Fiends and Celestials -- what actually count?

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Vaevictis Asmadi
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Fiends and Celestials -- what actually count?

So what actually counts as a Fiend or a Celestial? I mean in the wider sense, not the narrow Exemplars-only sense.

1. Any outsider native to the Outer Planes of a G or E alignment?
2. Any outsider native to one of the Upper or Lower planes, regardless of alignment?
3. Has to be G outsider from Upper Planes or E outsider from Lower Planes?
4. Some more narrow definition?

I mean there are lots of planar creatures, many of which don't seem to have been designed for Planescape, that are Evil or Good but I don't know how many are considered Fiends or Celestials, or if there are even solid definitions of those terms.

Rakshasas, for instance. Are they fiends?
I've seen 3E conversions of Bariaurs that make them Outsiders. Are they supposed to be Celestials then? That seems weird.

Quickleaf
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Well, the 5e DM Basic Rules,

Well, the 5e DM Basic Rules, available for free from the D&D home page, answer this question at least in part.

Fiends are creatures of wickedness native to the Lower Planes. A few serve deities but mostly they are servants of the archdevils, demon princes, and equivalent creatures of vast power. Demons, devils, hell hounds, yugoloths, and yes rakshasas are all fiends. They are innately evil, so good fiends are almost unheard of.

Celestials are creatures of good native to the Upper Planes. They often serve gods, and evil celestials are a horrifying rarity because of their innate goodness. Angels, couatl, empyreans, Pegasus, and unicorn are all celestials.

If you have questions about specific creatures I would direct you to Ari Marmell's handy 5e Monster Sorter until the MM is released: http://mouseferatu.com/index.php/news/august-20-2014-another-dd-gift/

Glim
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First off, both terms are

First off, both terms are just catch-alls, not true taxonomy, and what they mean to whom is all subjective. I don't think they're ever defined in great detail.

But if I had to pick I'd go with number 2.
I think it's based primarily on geography/place-of-birth, and only secondary on alignment.

Those fiends and celestials that swap alignment are still always refered to as fiends and celestials after all (although with little caveat prefixes like ex-/risen/fallen/redeemed/etc.). It's not something they seem to lose, no matter how much they change (even Baalzebuul, I'd argue).

It also explains why most tieflings aren't considered fiends exactly and I imagine that cambions aren't usually considered fiends either, but that alu-fiends are (although I have nothing to back this up with).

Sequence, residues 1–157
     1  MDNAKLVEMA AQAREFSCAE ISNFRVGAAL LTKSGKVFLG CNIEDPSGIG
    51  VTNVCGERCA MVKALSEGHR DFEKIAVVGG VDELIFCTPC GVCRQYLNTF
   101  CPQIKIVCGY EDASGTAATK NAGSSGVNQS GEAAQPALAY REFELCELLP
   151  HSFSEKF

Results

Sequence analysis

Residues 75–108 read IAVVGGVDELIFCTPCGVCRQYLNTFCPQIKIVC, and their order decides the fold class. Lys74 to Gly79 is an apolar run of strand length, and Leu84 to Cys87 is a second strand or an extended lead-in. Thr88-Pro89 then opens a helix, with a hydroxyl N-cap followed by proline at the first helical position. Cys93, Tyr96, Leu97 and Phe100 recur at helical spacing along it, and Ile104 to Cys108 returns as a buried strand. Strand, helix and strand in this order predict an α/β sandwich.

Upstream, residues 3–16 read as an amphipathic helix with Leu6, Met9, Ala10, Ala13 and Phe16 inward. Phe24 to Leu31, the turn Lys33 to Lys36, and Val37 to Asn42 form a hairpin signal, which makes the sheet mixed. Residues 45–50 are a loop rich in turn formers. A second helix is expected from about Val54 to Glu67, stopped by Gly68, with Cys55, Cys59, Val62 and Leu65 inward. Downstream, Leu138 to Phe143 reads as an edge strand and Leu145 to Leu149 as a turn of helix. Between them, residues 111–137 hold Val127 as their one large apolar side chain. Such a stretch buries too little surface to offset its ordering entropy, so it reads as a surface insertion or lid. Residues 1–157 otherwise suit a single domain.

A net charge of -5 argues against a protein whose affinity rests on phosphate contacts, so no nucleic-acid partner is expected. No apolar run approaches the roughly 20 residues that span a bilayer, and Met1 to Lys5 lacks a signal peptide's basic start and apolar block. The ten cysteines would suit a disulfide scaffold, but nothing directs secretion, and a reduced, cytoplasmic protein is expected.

Bariaur as Outsiders doesn't strike me as weird at all. Is it because they're a playable race? So are gityanki/githzerai (and others). Is it because you're used to the term being reserved for exemplars? You asked for a broad definition after all :)

Rakshasas are definitely fiends in my book. I have more issues imagining imps/quasits/vargouilles as proper fiends, because the term is somehow associated with power. It also depends on 'where you come from' regarding rakshasas I guess, because every edition and every setting seems to have a totally different take on them.

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I don't want to deviate the

I don't want to deviate the topic, but the whole bariaur as outsiders thing got me thinking, it's always kind of bothered me a little bit that characters make their home through the planes, yet we still talk about "outsiders" to refer to planar creatures themselves. A celestial in Celestia is still called an outsider? I guess I get the keyword's relevance in game mechanics, but isn't there any better word for it? I almost preferred 4E's approach at calling them immortals.

Wicke
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The Planescape stuff always

The Planescape stuff always made it a point to mention that a being on it's home plane isn't an outsider, but a native. PCs can be banished from the Abyss because they're considered outsiders there, but you cannot do the same to a demon (since it's already on its home plane). Primes refer to those beings as outsiders mostly 'cause they're Clueless. ;)

As for the broader topic, I'd go with the notion of fiends and celestials as beings 1) whose souls operate in a different manner than mortal beings (if they even have one) and 2) Whose nature ties them to an outer plane in some manner.

Thus I'd put a rakshasha on a different level than a bariaur. Likewise with imps and quasits, but not mephits or elementals (whose nature is tied to the inner planes). On the lawful side of things, I'd put inevitables in the sort of fiend/celestial category, but not fomorians (whose nature seem more mortal than outsider).

Vaevictis Asmadi
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Thank you, but honestly I don